I have no doubt that part 1 of this (very) mini-series was one of the most exciting blog posts you’ve read to date. In fact, you probably walked away from your computer feeling 1.0563 ounces smarter (yes, intelligence is obviously measured in ounces). As I sit here writing part 2 of my research methods informational post in my new reading glasses, I know I already feel just a tad bit more brilliant (yes, the reading glasses definitely help).
In this post, I’m going to impart upon you some facts about the statistics that you’re likely to find in research papers. To start off, there’s an important distinction to make between descriptive statistics and inferential statistics.
Descriptive Stats: describe or summarize data about your sample/group of subjects.
Inferential Stats: uses what you now know about your sample (since you just performed research) to infer about the population that your sample represents. So, if you were testing a new treatment method on a subject pool of 30 children with Down Syndrome, you would likely be inferring something about that treatment method for all children who are similar to your sample (i.e., kids with Down Syndrome).
Within descriptive statistics, you will want to consider a handful of different specific statistical measurements, starting with distribution. A frequency distribution generates a curve that shows you the frequency of responses/scores at different levels (e.g., different ages, different severities, etc.).
The curve might come out looking like a normal curve, which is symmetrical, has a mean, median, and mode with the same value, and aligns with 68.2% of the population being within 1 standard deviation of the mean.
On the other hand, your curve might end up being a skew curve (positive or negative) or a kurtosis curve (leptokurtic, or platykurtic). Regardless of how your frequency distribution curve turns out, it’s important to understand that different curves imply different things about the effect of the independent variable on the dependent variable. In addition to considering the frequency distribution, you may also have information about the central tendency: mean (average), median (half the values are higher and half are lower), and mode (value that occurs most frequently).
Variability is a critical factor of descriptive statistics. The standard deviation tells us the average deviation of scores from the mean, and this range of variability might indicate that most scores were similar to one another, and therefore the mean can be confidently counted upon. If the scores are all over the place, the mean might not be very representative of the actual range of scores received by the sample.
Inferential statistics begins by testing a hypothesis. The alternative hypothesis hypothesizes some kind of effect of the independent variable on the dependent variable (e.g., X treatment will benefit Y population). Often this is what the researchers hope to find at the end of their study. The alternative hypothesis cannot actually be proven by statistical tests (although it can be supported); rather the null hypothesis (which says the independent variable will have no effect on the dependent variable) is rejected when the alternative hypothesis is supported. In order to reject the null hypothesis and support the alternative hypothesis, researchers use a cut-off value, or significance level (alpha), to decide the point at which the independent variable was effective and statistically significant. Typically, the significance level is <.05: if the observed p-value is <.05, the probability of this result occurring by chance is less than 5 in 100, and therefore can be attributed to a real effect of the independent variable. Although <.05 is the most common significance level, it’s actually just an arbitrary number and, at times, may lead to Type I or Type II errors.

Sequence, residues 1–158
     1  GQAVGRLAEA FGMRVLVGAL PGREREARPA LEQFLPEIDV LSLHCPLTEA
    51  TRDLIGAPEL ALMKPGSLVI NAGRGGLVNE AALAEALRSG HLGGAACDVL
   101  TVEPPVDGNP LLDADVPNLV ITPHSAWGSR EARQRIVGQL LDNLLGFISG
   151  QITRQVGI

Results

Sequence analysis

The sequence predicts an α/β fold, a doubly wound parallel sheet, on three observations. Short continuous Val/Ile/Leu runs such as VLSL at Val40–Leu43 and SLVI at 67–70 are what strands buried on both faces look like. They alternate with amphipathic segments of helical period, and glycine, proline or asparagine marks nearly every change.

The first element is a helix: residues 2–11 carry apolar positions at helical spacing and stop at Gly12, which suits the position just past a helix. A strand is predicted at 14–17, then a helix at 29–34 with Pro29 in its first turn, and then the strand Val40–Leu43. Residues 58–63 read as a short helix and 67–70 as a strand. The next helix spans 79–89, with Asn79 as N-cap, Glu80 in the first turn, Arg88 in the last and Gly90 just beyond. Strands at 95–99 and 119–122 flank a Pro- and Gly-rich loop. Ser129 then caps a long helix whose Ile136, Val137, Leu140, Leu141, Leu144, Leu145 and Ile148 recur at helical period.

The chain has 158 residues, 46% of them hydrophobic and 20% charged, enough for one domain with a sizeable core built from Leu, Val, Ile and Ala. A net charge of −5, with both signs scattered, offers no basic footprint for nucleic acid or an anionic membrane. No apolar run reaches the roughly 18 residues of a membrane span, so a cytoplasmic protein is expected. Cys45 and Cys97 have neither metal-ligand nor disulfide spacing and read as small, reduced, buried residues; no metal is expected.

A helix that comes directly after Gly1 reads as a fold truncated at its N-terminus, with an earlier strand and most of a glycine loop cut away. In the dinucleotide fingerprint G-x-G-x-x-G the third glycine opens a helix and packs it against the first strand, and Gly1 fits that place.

Various characteristics can affect whether the results of a study are significant (i.e., p = <.05). A bigger effect size (more difference between the treatment group and the control group) typically supports significance. Less variability (aka a smaller standard deviation) also supports statistically significant results. Finally, a larger sample size is more likely to support statistical significance.
With all this being said, statistical significance is just one piece of the inferential statistics puzzle. Other statistical outcomes that look at testing differences and correlations must also be considered. However, I’d like to think your brain has worked hard enough for one day, so I’ll leave those explanations for another time and another place!